Bookmarks (0)

You have no saved items from this article

Project items include:
  • Saved book/article
  • Highlights
  • Quotes/citations
  • Notes
  • Bookmarks
Notes
Cite this article

Cited article

Style
Citations are available only to our active members.
Buy instant access to cite pages or passages in MLA, APA and Chicago citation styles.

(Einhorn, 1992, p. 25)

(Einhorn 25)

1. Lois J. Einhorn, Abraham Lincoln, the Orator: Penetrating the Lincoln Legend (Westport, CT: Greenwood Press, 1992), 25, http://www.questia.com/read/27419298.

Cited article

The Judiciary and the Media: Partners, Not Adversaries
Settings

Settings

Typeface
Text size Smaller Larger Reset View mode
Search within

Search within this article

Look up

Look up a word

  • Dictionary
  • Thesaurus
Please submit a word or phrase above.
Print this page

Print this page

Why can't I print more than one page at a time?

Help
Full screen

matching results for page

    Questia reader help

    How to highlight and cite specific passages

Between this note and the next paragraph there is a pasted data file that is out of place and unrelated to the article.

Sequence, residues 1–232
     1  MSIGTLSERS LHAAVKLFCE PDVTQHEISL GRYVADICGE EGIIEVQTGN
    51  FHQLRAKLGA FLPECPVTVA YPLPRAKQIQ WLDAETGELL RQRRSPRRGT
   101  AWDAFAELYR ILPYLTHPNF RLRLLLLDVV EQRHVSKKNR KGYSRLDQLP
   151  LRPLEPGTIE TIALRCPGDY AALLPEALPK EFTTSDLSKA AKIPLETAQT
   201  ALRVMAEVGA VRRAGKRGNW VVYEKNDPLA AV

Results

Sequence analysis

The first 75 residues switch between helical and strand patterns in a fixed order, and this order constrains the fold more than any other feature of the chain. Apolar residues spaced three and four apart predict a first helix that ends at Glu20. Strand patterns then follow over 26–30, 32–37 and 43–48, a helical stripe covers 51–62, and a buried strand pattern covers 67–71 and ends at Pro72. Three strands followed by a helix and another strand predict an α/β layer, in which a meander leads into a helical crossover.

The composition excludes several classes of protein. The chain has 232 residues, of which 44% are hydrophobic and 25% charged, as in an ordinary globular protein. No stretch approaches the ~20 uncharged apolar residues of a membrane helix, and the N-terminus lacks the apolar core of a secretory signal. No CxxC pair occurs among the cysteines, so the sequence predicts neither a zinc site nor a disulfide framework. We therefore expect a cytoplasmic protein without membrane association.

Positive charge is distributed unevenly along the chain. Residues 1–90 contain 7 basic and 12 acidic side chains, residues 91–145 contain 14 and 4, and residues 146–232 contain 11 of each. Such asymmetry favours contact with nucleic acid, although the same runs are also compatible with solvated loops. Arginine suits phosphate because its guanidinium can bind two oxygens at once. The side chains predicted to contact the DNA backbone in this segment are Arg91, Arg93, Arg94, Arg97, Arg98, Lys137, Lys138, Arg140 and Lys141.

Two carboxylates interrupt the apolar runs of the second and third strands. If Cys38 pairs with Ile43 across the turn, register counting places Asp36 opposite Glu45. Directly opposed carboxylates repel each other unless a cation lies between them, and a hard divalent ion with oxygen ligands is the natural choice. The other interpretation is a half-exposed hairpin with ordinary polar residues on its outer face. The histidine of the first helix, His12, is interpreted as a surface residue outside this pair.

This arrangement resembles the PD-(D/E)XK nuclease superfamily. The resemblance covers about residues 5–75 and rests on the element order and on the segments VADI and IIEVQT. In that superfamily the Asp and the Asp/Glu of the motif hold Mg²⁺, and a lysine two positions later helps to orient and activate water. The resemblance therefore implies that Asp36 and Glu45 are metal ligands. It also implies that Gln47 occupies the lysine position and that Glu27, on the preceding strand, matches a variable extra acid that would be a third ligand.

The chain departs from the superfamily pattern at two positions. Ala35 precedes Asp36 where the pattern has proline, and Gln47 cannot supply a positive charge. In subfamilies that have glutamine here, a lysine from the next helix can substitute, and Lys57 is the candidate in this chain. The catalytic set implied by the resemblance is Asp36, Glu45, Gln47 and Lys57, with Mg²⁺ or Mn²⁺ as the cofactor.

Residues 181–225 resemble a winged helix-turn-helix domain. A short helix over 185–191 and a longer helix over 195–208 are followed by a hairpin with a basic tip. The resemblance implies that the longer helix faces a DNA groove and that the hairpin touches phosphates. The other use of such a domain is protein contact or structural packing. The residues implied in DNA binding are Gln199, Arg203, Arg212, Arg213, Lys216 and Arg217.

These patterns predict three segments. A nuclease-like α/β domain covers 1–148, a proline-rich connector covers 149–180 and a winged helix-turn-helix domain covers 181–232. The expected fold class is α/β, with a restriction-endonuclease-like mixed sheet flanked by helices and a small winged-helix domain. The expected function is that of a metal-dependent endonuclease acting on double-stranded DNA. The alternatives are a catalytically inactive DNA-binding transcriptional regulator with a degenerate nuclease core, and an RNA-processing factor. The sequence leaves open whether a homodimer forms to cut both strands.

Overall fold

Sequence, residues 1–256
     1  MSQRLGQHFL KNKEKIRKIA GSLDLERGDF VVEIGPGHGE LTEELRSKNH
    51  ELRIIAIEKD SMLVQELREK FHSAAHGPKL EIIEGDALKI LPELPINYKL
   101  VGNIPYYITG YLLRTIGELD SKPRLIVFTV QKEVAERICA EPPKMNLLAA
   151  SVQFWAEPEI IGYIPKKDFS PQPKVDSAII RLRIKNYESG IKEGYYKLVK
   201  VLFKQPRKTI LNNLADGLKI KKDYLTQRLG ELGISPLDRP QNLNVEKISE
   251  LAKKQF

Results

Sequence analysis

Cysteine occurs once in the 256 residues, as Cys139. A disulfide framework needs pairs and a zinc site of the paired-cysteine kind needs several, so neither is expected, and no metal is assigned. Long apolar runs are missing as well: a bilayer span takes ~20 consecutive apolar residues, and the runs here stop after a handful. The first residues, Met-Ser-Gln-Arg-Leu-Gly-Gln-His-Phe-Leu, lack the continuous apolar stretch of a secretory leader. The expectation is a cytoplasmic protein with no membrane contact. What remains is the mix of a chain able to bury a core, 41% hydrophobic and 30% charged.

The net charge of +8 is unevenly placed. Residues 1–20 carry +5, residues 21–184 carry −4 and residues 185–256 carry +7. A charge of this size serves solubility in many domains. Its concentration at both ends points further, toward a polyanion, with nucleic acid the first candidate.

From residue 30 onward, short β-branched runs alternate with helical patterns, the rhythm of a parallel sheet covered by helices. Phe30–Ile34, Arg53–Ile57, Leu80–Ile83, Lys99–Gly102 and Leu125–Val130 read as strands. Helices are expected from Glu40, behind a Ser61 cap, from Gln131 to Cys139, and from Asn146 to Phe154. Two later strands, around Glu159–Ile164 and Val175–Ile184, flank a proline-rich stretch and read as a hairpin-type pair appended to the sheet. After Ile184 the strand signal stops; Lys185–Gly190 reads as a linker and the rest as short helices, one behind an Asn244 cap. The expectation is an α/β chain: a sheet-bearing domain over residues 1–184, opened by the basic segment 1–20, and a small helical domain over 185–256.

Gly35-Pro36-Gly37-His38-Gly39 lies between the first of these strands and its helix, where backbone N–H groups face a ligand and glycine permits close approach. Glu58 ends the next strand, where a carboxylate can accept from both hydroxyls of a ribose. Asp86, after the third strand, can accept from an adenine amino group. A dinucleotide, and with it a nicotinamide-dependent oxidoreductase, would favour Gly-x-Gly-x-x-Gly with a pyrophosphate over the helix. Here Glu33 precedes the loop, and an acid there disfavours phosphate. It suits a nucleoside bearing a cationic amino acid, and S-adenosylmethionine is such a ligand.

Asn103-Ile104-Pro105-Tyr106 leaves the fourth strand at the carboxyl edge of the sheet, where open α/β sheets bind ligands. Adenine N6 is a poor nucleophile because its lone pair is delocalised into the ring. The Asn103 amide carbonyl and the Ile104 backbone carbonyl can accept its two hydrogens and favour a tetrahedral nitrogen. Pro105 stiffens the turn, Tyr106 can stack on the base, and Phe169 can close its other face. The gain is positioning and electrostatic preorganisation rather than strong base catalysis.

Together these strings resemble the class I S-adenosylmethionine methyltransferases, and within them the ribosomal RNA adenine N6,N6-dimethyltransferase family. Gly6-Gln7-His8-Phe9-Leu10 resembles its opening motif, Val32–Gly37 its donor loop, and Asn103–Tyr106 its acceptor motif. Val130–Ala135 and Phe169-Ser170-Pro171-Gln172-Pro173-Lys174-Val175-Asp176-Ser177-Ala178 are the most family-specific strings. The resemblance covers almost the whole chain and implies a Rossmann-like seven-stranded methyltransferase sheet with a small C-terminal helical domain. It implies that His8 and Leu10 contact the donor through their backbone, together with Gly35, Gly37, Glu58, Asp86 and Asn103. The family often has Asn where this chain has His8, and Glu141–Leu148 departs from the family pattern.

1. Click or tap the first word you want to select.
    2. Click or tap the last word you want to select, and you’ll see everything in between get selected.
    3. You’ll then get a menu of options like creating a highlight or a citation from that passage of text.

    OK, got it!

    Cited passage

    Style
    Citations are available only to our active members.
    Buy instant access to cite pages or passages in MLA, APA and Chicago citation styles.

    "Portraying himself as an honest, ordinary person helped Lincoln identify with his audiences." (Einhorn, 1992, p. 25).

    "Portraying himself as an honest, ordinary person helped Lincoln identify with his audiences." (Einhorn 25)

    "Portraying himself as an honest, ordinary person helped Lincoln identify with his audiences."1

    1. Lois J. Einhorn, Abraham Lincoln, the Orator: Penetrating the Lincoln Legend (Westport, CT: Greenwood Press, 1992), 25, http://www.questia.com/read/27419298.

    Cited passage

    Thanks for trying Questia!

    Please continue trying out our research tools, but please note, full functionality is available only to our active members.

    Your work will be lost once you leave this Web page.

    Buy instant access to save your work.

    Already a member? Log in now.

    Author Advanced search

    Oops!

    An unknown error has occurred. Please click the button below to reload the page. If the problem persists, please try again in a little while.